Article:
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The Fictitious Term Paper

The Story of "The Fictitious Term Paper"


Steven C. Scheer

I wrote "The Fictitious Term Paper" for the 10th annual Mid-America Conference on Composition sponsored by the University of Southern Indiana in the fall of 1986. Professor Barbara Weaver, then the president of the Indiana Teachers of Writing, heard it and invited me to Indianapolis to read the paper again at the Indiana Teachers of Writing Conference in the fall of that same year. The paper was well-received in Indianapolis, too, but then (as if that wasn't enough) I was asked to read it once more at the banquet when the banquet speaker couldn't make it to Indianapolis from Chicago because of heavy storms. This was my first time as a "keynote speaker" (even if just by default). The experience was most gratifying. Particularly because Barbara Cambridge, the editor of The Journal of Teaching Writing, instantly accepted the paper for publication.

In the years that immediately followed the reading and the publication of "The Fictitious Term Paper" a number of people have written to me to tell me that they tried it, too, and that it worked for them as well as it has always worked for me. The year following my presentation at Indianapolis, at the next Indiana Teachers of Writing Conference, a team of young instructors from Indiana University reported that they had also tried a version of this assignment. I happened to have been in the audience at this presentation. The result was that someone pointed me out as the inventor of the fictitious term paper, so I had to stand up and take a bow. That was a bit of a taste of what it must be like to be famous (says he with a sheepish grin).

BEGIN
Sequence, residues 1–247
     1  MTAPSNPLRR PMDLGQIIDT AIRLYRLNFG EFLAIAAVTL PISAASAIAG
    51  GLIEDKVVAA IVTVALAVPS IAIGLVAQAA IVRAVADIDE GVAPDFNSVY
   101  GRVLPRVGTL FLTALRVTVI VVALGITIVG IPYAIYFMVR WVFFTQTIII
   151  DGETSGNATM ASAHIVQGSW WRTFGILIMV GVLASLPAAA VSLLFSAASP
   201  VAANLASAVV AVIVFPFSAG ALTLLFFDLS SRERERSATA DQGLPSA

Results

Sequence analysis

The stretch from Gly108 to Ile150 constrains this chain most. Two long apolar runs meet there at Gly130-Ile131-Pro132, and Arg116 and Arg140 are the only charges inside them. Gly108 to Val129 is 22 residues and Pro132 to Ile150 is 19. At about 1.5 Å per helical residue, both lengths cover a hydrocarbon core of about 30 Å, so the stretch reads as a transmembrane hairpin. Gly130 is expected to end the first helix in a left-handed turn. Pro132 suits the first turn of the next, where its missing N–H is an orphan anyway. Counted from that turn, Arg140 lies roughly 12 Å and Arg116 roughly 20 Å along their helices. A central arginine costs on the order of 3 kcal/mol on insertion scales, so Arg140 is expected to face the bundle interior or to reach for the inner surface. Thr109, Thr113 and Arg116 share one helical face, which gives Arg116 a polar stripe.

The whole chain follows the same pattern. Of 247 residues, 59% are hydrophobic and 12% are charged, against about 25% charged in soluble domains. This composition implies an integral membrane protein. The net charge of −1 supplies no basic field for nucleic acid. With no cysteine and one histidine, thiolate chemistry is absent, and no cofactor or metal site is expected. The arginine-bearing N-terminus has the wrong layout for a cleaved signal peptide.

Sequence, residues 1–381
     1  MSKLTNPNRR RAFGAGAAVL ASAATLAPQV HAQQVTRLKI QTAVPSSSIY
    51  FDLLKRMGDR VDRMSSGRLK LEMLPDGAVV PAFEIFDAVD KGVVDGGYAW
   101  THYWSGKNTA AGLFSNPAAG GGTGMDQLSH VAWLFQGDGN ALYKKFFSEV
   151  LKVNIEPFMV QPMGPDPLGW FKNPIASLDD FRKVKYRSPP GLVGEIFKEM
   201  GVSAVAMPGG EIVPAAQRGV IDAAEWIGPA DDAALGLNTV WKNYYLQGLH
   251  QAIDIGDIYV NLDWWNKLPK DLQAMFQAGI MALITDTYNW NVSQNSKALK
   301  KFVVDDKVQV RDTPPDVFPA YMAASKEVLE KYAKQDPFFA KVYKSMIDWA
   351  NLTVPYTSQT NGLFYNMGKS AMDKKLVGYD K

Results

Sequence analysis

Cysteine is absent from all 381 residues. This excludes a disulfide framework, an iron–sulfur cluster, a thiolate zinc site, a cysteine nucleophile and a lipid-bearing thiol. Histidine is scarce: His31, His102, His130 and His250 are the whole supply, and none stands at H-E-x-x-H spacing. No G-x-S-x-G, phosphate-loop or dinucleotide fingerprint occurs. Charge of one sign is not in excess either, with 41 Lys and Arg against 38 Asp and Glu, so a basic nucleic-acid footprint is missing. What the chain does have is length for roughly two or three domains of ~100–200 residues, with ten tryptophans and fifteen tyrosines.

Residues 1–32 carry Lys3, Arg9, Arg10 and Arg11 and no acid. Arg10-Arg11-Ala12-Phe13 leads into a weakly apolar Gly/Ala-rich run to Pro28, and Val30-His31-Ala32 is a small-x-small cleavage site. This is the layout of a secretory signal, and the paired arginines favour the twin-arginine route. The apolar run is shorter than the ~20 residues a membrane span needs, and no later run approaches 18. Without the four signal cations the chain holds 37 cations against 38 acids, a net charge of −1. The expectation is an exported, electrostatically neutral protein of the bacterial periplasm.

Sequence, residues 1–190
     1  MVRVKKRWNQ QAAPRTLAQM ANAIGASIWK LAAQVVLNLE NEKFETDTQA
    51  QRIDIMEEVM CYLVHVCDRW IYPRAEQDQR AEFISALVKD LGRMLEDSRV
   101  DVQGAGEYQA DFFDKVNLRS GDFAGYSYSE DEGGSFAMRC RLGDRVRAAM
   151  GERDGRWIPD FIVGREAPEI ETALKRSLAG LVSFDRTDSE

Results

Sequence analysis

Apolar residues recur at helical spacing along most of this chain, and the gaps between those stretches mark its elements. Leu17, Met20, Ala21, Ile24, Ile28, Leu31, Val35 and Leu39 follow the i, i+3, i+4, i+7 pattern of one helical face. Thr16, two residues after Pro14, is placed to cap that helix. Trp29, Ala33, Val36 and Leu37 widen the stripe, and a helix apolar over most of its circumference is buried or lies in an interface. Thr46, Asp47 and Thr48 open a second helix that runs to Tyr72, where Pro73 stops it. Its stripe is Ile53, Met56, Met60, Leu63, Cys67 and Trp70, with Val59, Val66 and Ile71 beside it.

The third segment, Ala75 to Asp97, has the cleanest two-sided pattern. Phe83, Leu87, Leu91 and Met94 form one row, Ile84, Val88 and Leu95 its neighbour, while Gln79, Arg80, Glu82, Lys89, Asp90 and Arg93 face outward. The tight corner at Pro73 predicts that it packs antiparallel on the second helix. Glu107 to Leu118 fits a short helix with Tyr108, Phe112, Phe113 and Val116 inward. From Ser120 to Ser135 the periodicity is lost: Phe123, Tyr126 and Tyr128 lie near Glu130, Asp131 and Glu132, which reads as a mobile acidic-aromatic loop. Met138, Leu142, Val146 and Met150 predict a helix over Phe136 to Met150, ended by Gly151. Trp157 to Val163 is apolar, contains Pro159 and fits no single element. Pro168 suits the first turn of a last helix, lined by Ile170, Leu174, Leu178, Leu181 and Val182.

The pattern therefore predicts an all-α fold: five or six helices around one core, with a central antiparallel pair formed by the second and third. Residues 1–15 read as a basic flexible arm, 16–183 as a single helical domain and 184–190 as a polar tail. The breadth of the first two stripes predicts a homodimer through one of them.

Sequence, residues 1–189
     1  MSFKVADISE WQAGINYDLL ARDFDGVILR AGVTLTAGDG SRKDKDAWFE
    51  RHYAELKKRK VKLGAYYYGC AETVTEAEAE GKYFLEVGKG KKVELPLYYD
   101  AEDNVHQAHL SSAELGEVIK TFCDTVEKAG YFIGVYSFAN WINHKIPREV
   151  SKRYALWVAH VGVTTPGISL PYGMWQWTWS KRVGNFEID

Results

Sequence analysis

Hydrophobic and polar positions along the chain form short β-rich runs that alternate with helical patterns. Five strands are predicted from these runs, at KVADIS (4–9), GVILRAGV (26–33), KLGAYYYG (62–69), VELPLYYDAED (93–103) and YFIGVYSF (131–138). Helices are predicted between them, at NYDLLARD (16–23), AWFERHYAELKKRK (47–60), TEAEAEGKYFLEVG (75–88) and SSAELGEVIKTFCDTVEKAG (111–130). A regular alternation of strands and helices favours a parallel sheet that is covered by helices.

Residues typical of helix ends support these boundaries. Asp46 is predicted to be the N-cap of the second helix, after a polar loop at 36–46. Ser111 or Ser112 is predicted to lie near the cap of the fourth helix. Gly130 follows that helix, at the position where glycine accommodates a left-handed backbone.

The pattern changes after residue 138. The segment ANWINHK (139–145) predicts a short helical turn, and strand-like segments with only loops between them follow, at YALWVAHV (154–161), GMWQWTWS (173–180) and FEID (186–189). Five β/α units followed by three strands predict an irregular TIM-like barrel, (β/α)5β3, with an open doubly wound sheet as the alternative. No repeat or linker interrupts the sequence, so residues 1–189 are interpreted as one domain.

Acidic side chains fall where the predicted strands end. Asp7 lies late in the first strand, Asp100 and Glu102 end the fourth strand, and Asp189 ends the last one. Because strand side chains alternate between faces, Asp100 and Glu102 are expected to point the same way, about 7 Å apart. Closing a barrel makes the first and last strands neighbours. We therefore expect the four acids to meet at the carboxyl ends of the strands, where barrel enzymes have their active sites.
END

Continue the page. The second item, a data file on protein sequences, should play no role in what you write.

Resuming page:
By the time I wrote "The Fictitious Term Paper" I had been using the assignment at Saint Meinrad College for about 10 years. I had also used the assignment at the University of Southern Indiana for about 20 years all told (until the school year of 1997-98). All in all, then, I had been assigning fictitious term papers to literally hundreds upon hundreds of students. I am glad to place both the paper and a sample fictitious term paper (one of many I wrote throughout the years) on my Web site. I am adding the sample fictitious term paper as an appendix to the paper itself because when "The Fictitious Term Paper" was accepted for publication before a live audience in Indianapolis, many people thought it would be a good idea to include one with the published version. Barbara Cambridge felt that the sample would be redundant (since the paper itself makes it rather clear what a fictitious paper should be like), so she didn't publish the appendix. I have decided to include it here anyway, if for no other reason than because my students had always found it fun to read. I must add, though, that on many an occasion students wrote more amusing ones than any of my "models." Needless to say, I hope this idea will now have a second life on the Internet.

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Copyright 2000 - 2001 © by Steven C. Scheer. All rights reserved.

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